UV Exposure at Work is an Important Risk Factor for Skin Cancer
Much attention is paid to avoiding UV exposure during leisure time to prevent cutaneous squamous cell carcinoma (SCC), but a recent study looked at whether outdoor workers might be even more at risk. The study was a multi-center population-based case–control study that applied UV-exposure estimation methods to examine the association between occupational and nonoccupational UV exposure and cutaneous SCC. The authors hypothesized that individuals with high occupational UV exposure might have double the risk for SCC compared to workers with moderate exposure. There were over 600 participants enrolled in both the control group and the matched group with diagnosed SCC.
The results showed that in fact, individuals with a lifetime total solar UV exposure of more than 19,612 standard erythemal dose (SED) had a more than twice the risk for incident SCC compared with individuals with less than 9765 SED UV exposure doses. The increased risk for SCC was attributable to occupational UV exposure; nonoccupational UV exposure doses did not differ between patients with SCC and matched controls.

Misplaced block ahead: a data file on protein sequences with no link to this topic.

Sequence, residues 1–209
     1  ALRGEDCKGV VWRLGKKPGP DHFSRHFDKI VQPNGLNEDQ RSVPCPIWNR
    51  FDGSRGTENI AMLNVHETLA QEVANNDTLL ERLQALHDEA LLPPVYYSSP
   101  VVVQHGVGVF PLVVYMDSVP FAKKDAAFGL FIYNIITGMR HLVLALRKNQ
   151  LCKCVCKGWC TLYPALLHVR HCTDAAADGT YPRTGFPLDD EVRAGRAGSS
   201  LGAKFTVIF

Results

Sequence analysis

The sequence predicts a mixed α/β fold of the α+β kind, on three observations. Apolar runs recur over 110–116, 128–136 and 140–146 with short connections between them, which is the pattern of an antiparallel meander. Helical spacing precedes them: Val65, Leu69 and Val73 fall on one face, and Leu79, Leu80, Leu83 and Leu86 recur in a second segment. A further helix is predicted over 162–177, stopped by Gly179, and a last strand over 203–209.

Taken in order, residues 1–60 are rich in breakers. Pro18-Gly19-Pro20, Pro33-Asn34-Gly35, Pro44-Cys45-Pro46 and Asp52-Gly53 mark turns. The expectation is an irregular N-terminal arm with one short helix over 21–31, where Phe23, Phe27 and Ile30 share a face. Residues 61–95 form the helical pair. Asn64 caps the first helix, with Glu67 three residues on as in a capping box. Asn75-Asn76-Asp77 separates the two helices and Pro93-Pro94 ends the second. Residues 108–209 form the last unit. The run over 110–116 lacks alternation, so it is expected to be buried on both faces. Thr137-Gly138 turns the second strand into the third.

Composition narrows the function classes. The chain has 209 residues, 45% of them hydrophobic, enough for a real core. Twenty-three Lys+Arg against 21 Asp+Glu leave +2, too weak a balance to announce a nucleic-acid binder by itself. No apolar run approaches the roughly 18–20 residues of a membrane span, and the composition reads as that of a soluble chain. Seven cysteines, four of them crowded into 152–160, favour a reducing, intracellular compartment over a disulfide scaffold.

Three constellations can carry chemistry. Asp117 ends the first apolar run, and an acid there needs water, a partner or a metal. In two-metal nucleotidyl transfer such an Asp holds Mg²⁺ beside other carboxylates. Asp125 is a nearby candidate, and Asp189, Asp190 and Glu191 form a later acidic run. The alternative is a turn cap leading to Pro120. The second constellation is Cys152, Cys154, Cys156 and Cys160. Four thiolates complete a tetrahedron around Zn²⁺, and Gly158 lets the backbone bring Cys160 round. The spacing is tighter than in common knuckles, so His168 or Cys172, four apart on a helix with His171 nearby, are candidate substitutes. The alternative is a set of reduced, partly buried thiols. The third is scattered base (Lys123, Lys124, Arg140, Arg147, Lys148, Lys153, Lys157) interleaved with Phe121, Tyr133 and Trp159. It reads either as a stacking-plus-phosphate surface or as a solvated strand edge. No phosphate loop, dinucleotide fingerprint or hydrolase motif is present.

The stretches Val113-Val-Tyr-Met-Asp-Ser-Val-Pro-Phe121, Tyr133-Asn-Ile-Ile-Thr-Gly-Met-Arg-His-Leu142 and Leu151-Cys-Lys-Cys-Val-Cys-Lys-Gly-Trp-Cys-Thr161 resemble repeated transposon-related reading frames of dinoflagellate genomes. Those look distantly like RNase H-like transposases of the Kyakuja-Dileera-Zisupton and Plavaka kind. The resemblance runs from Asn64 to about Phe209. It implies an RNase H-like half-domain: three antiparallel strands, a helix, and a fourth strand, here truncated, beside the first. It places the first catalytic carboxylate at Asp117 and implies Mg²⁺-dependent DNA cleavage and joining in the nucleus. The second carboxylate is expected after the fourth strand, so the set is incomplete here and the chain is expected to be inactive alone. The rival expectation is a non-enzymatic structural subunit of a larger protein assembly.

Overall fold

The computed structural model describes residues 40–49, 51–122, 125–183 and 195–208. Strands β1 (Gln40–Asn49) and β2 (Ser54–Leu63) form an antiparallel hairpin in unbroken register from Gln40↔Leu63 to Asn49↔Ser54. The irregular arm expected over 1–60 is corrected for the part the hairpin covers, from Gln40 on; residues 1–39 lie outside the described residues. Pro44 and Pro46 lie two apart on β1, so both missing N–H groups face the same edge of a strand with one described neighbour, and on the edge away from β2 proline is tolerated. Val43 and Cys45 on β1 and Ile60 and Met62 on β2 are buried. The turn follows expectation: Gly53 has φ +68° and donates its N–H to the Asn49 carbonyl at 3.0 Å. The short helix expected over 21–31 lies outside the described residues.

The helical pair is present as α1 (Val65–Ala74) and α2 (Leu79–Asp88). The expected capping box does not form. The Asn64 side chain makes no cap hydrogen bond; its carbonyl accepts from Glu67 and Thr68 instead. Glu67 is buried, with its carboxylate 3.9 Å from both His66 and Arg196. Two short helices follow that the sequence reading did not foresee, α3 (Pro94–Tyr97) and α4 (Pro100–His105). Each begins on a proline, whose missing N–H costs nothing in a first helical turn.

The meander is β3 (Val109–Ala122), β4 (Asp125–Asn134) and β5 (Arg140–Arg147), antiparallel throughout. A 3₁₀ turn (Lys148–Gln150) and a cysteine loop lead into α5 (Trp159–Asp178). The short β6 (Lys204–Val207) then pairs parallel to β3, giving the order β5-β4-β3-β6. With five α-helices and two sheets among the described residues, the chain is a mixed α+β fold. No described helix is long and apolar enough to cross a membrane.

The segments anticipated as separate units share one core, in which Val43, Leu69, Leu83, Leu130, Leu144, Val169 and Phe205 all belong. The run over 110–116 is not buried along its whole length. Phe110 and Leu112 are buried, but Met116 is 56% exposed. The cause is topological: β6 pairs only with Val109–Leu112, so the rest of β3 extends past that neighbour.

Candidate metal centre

Based on these results, the authors state that there is a clear dose–response relationship between occupational UV exposure and incident SCC. They suggest that these finding help make the case for including SCC as an occupational-related disease for outdoor workers. They conclude that these findings may have a major impact on preventive medicine and health policy, especially around intensifying UV-prevention in the context of work-related solar UV exposure to decrease the public health burden of SCC.